In 1833 in Vermillion Parish Louisiana, four miles outside of current day Abbeville, LA, War of 1812 veterans, Thomas Fletcher and Brandon McDermott were given 1,000 acres of conjoined land for their help in defeating the British at the Battle of New Orleans. They named this piece of land the Rose Hill Plantation, which, according to Loraine Sirmon, former owner of Queen’s Ranch – the name given to the ranch that Rose Hill Plantation would later become – was named after the Cherokee rose, a thorny rose bush that once surrounded the land. Originally a cotton mill, Rose Hill became a sugar plantation after J. Henry Putnam, a distant relative of famous Salem witch trials witness Ann Putnam, bought the plantation in 1871 with the hopes of becoming a sugar producer. Unfortunately for the Putnam family, a fire on the plantation on December 10, 1881, halted work towards Putnam’s sugar plantation dream after burning down the sugar house and entire crop of sugar. However, only six months later, in May 1882, Putnam was working towards rebuilding his plantation. On November 6, 1882, the Abbeville Meridional reported that J. Henry Putnam’s Rose Hill was working splendidly, grinding cane grown on the property, as well as purchasing cane for four dollars a ton from neighboring farmers.
In January 1883, the Abbeville Meridional reported that J. Henry Putnam’s Rose Hill Plantation had processed the largest crop ever made in Vermillion Parish. By 1893, the Daily Picayune reported that the plant had processed four million pounds of sugar from the 1892 crop and Putnam planned to produce ten million pounds of sugar per year by 1896. Unfortunately for the Rose Hill Plantation, a tariff put on imported Cuban sugar was lifted. In 1899, it was cheaper to buy imported sugar than it was to grow it and Rose Hill Planting and Refinery Co. Inc. went bankrupt. In 1901, Putnam handed over the deed to the property to the New Orleans banks, which took it over and put a railroad on the property. This railroad ran until about the early 1930s and today is not usable.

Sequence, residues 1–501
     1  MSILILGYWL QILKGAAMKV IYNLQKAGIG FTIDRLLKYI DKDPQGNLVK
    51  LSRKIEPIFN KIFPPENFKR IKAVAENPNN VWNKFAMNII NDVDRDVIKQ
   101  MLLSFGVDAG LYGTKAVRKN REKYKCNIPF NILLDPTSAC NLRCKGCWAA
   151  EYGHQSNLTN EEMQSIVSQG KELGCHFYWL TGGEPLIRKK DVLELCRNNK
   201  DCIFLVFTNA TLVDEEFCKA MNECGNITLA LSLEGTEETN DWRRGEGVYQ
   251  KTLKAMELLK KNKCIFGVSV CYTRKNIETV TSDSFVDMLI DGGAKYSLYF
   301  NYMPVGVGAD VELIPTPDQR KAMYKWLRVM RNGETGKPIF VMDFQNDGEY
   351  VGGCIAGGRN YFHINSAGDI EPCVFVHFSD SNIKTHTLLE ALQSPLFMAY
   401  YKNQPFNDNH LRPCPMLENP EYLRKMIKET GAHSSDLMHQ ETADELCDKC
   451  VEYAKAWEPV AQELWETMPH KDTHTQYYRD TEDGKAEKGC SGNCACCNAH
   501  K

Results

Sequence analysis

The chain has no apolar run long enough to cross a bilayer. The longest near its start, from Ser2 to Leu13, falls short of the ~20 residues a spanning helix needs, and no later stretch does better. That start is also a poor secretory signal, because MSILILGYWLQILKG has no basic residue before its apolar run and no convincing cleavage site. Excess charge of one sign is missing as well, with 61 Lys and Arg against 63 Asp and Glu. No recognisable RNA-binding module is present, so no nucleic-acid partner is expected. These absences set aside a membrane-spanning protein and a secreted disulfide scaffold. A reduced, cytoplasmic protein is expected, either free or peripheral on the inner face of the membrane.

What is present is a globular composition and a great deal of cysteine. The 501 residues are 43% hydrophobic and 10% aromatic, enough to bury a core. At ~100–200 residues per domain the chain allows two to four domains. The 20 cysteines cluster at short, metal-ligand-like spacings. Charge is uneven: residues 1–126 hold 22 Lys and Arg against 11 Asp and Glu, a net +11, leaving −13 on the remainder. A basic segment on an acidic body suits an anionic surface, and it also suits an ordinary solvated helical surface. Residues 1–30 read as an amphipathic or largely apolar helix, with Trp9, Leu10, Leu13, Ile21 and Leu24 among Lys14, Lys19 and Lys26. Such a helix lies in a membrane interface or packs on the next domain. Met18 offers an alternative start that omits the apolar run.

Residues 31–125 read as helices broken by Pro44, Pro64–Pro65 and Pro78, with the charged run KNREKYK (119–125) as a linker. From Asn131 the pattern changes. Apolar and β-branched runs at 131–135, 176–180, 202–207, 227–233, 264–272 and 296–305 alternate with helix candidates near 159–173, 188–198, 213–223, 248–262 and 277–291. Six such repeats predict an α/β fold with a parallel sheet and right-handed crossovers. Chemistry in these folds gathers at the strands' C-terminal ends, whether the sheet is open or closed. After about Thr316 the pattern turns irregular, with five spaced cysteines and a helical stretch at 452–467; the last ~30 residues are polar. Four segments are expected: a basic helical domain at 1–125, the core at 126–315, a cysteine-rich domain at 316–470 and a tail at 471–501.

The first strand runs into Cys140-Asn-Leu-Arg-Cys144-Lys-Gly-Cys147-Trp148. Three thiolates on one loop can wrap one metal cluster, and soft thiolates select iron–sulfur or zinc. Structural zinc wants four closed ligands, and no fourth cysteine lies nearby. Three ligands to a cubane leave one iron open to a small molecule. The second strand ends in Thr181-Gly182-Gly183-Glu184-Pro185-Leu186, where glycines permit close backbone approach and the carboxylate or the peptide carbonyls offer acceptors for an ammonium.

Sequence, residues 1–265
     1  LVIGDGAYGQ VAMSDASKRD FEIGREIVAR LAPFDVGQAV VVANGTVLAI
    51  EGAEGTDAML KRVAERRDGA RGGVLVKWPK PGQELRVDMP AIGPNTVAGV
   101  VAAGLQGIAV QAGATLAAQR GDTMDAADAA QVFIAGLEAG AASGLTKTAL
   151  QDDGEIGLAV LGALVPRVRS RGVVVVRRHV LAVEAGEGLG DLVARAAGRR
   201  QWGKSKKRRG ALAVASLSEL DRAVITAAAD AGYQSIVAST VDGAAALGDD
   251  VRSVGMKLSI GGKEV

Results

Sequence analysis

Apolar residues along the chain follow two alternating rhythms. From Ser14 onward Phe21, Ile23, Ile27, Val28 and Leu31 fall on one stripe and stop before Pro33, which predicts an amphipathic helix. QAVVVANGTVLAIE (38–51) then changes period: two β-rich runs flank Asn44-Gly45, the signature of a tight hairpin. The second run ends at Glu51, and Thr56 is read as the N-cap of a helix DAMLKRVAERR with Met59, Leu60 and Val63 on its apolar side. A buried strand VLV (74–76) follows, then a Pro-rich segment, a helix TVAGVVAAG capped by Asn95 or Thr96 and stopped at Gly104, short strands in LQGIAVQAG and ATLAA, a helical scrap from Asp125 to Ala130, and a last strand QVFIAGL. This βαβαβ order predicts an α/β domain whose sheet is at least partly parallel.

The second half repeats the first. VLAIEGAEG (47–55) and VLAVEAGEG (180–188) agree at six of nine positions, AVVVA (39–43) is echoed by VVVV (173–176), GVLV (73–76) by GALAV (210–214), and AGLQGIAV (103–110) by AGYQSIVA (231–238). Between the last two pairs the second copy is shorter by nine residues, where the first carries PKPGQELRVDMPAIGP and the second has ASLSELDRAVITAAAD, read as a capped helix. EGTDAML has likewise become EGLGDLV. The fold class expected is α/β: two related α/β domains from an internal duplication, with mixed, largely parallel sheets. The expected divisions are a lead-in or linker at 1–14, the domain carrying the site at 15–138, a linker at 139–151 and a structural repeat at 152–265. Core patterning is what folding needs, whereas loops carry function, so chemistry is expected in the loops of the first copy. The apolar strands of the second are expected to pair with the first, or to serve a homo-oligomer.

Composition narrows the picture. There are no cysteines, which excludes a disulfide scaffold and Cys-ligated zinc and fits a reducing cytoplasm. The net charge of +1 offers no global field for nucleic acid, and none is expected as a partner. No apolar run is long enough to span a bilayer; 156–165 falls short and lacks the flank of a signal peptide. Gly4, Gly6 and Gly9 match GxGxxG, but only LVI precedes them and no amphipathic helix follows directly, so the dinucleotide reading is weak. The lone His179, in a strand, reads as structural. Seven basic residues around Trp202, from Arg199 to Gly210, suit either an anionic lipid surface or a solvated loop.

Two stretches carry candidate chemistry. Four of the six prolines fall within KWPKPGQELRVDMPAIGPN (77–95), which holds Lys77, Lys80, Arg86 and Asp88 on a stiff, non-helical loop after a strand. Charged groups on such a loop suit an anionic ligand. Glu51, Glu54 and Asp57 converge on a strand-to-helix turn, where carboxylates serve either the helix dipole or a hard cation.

Between the city of New Orleans owning the plantation for the railroad and it eventually becoming Queen’s Ranch, little is known about the ownership of the land. After going through different ownership, Revis Sirmon and his wife, Lorraine Sirmon, purchased Rose Hill Plantation from Mack Schriever in the late 1950s and turned it into a working ranch and farm called Queen’s Ranch. Sirmon, being the jokester that he was, decided on the name “Queen’s Ranch” after his friend, Silas Cooper of Abbeville jokingly mentioned that Texas had the famous and massive King’s Ranch so Louisiana would now have its own Queen’s Ranch. Sirmon was a pilot in World War II and even installed a family museum on the property to showcase paraphernalia from the war along with antique farming equipment used to run the ranch. In the farm’s heyday, it boasted forty-two acres of property and was home to cattle, horses, ducks, quails and even some of the farm hands. In 2018 after the death of Revis Sirmon’s son, and heir to the ranch, Johnny Sirmon, the property was split amongst Revis Sirmon’s two grandsons, Patrick and Dannon Stokes, who still look after the farm today. Today, with more property later bought to add to the farm, Queen’s Ranch is an active cattle farm as well as an active crawfish farm with two hundred-thirty-seven acres making up the property. On the property, there still stands the remains of the old sugar processing plant from Rose Hill Plantation. Although it is no longer in use, lying on the banks of the Vermillion River, the ruins of the plant are beautiful, being overlooked by Louisiana moss and towering oak trees on the property.